A Lesson Remembered: Reflections of a Volunteer
by Zoë Oppenheimm
When I was in seventh grade, a panel of successful women spoke to the girls at my middle school. Marian Diamond urged us to get our careers in order and our educations behind us prior to starting a family. Because I was interested in too many careers for my own good at that time, I realized I needed to focus on a particular path. I began imagining life as a 60-year-old student, still unable to choose between being a doctor, a spy, a teacher, or a firewoman. As Diamond continued to speak, my daydream unraveled into an epiphany: I had to decide what I was going to be when I grew up—before it was too late.
My quest to map out the rest of my life continued through high school. During the summer before my senior year at Berkeley High, I concluded that avid viewings of TV shows such as Grey’s Anatomy and House were not enough to prove that I wanted to be a doctor. With good fortune, I landed a job as a volunteer at Children’s Hospital Oakland (CHO). My bosses, Laurie Levine and Eve Alley, were kind enough to train me so that I could work with both of with them in thalassemia outreach and with kids in the intensive care unit and at the day hospital. By the end of the first week, I already felt as though I was an integral part of the CHO community.
As my schedule changed from working with adults to working with children, I began to observe the subtle differences between the two worlds. Both parties deal with stress on a daily basis. Hospital administrators are constantly wrestling with the growing pile of debt that the suffering economy only worsens. Doctors struggle to find a balance between treating patients and processing endless paperwork. Parents fight to be with their sick children while also maintaining their jobs. And children battle diseases that are both physically and emotionally draining. As I continued on with my fly-on-the-wall position, I watched as people from all ages and backgrounds encountered the stresses of life. What is the main difference between a sick child’s world and the parents’ world? I learned it is not the hardships, but rather how they deal with these hardships. While adults often suppress their more negative emotions, children voice them. Adults often struggle to find healthy ways to process hardships, while children almost always play out their feelings. This play therapy is essential for a child facing a chronic or life-threatening illness. The same approach, however, is seldom deemed appropriate for adults facing all kinds of trials and tribulations.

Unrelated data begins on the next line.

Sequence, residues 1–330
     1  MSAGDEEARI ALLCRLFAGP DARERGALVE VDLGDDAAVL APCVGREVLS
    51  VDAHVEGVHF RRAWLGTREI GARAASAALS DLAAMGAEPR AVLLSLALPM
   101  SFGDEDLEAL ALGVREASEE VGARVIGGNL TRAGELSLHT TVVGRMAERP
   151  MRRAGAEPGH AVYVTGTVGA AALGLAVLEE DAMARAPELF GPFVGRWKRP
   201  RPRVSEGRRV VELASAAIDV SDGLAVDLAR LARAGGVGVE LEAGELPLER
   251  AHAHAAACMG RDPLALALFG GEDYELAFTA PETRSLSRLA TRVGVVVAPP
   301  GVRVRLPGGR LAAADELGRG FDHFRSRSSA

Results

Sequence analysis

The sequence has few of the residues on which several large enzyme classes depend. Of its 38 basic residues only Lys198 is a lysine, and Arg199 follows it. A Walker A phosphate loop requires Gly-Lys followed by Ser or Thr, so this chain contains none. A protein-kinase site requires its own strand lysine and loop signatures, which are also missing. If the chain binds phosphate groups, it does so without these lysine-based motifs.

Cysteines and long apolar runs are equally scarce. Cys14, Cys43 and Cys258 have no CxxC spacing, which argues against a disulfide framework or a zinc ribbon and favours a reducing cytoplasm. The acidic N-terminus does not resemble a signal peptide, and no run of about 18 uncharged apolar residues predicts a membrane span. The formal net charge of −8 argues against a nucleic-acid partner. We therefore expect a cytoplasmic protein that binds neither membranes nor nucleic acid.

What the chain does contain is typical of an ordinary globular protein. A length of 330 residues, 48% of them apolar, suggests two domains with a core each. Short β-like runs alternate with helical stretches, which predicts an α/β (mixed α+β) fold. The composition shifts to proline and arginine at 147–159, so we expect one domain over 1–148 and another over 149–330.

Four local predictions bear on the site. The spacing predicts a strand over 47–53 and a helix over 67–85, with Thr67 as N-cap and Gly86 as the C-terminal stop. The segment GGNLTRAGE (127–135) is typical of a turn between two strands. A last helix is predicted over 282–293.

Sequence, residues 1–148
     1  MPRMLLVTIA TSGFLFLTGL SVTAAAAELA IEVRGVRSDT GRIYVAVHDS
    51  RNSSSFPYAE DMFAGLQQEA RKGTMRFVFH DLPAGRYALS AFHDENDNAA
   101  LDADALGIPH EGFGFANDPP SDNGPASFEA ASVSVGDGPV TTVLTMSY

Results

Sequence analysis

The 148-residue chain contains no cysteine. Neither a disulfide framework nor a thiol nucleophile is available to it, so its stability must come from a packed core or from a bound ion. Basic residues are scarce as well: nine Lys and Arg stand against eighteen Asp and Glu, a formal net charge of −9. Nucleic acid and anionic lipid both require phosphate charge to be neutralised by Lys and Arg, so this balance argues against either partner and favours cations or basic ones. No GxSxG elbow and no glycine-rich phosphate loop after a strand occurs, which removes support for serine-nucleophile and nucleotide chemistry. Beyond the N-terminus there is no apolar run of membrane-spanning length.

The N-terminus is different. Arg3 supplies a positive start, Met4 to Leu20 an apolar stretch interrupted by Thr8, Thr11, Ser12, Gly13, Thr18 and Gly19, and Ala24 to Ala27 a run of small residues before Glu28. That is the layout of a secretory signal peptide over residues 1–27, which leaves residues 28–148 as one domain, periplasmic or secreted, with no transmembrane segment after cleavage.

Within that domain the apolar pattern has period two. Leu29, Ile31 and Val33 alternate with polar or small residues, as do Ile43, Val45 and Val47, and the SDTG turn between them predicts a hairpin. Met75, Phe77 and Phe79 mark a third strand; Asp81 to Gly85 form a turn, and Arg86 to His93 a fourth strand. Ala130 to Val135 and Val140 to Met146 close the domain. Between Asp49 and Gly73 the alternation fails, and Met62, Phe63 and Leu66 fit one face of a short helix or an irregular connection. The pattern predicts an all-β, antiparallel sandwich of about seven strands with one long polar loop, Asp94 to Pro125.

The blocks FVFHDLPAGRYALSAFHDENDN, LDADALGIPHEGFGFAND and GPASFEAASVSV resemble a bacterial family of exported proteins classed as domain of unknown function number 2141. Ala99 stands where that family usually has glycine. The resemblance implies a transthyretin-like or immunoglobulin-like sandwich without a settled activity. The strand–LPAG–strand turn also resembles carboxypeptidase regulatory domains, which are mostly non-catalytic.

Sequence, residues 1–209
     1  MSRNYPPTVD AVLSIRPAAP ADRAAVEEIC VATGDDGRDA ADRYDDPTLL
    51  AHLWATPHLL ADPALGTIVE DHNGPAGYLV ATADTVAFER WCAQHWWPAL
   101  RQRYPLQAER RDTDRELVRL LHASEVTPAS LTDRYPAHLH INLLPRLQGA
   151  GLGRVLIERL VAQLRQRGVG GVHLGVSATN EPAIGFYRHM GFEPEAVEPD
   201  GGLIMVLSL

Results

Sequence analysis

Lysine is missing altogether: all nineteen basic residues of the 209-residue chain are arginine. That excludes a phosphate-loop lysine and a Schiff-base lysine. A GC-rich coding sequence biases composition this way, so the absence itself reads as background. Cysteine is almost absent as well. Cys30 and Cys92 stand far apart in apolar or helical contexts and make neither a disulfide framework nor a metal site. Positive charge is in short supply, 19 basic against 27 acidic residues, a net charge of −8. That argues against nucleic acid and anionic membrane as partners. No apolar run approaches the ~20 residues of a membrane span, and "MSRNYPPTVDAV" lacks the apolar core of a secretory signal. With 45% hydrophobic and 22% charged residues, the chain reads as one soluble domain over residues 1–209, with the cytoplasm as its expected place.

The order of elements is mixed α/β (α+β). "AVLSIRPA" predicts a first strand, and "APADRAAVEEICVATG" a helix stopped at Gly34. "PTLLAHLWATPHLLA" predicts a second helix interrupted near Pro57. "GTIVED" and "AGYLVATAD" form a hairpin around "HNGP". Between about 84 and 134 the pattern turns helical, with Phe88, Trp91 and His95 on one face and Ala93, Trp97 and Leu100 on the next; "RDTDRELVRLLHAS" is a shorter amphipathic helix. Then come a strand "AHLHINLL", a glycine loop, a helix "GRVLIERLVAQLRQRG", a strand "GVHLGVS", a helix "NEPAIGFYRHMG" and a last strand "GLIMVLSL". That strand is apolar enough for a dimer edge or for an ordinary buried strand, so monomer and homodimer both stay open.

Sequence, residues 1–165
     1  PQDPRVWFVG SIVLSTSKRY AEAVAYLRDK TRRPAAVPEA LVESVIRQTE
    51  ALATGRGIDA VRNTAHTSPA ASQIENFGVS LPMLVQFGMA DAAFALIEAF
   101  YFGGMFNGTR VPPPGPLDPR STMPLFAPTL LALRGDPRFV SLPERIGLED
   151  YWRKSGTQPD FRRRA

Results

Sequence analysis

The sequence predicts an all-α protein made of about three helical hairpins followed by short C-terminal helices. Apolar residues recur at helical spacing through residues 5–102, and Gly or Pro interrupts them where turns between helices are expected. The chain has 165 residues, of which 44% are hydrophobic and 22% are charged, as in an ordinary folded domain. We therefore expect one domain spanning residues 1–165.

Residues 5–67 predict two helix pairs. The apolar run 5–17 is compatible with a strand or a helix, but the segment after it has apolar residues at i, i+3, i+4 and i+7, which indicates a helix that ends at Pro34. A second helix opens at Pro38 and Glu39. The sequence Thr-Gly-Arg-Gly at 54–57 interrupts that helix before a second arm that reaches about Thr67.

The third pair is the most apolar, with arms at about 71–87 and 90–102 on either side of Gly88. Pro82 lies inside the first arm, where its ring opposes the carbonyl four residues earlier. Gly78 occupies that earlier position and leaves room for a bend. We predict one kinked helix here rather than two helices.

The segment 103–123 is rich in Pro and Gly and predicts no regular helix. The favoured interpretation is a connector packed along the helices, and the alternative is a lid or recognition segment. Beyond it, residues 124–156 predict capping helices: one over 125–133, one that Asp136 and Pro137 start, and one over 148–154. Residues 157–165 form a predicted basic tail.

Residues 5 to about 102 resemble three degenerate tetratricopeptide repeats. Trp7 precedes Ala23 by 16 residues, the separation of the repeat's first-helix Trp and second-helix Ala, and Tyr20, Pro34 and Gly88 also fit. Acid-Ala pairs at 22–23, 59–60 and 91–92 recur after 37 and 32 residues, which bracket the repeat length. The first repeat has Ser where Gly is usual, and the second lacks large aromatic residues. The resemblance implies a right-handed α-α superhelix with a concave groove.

As a volunteer at CHO, I played with kids through their boredom, loneliness, blood transfusions, and chemotherapy. Although I was far from being able to physically help these children while they dealt with their diseases, I was still able to play with them through the roller coaster of emotions they experienced. I wish I could say the same for the adults that I interacted with. Perhaps the adult world could learn a thing or two about emotional health from a children’s perspective.
The truth is that the binary division of “adult” and “child” is a construct—just as age-specified healing is. By the end of my journey at CHO, I realized that learning this lesson was much more important than mapping out my life. Although guidelines can be useful, there is no blueprint that I can refer to for the rest of my time on this earth. The CHO community showed me that throughout our lives, we find ourselves, at one point or another, in need of healing. This fact is a result of the messy nature and uncertainty of life. We can’t control the obstacles that come our way, but we can have a say in how we deal with them. Whether you are healthy or sick, rich or poor, 3 or 93, remember one of the first lessons we all learned: to play.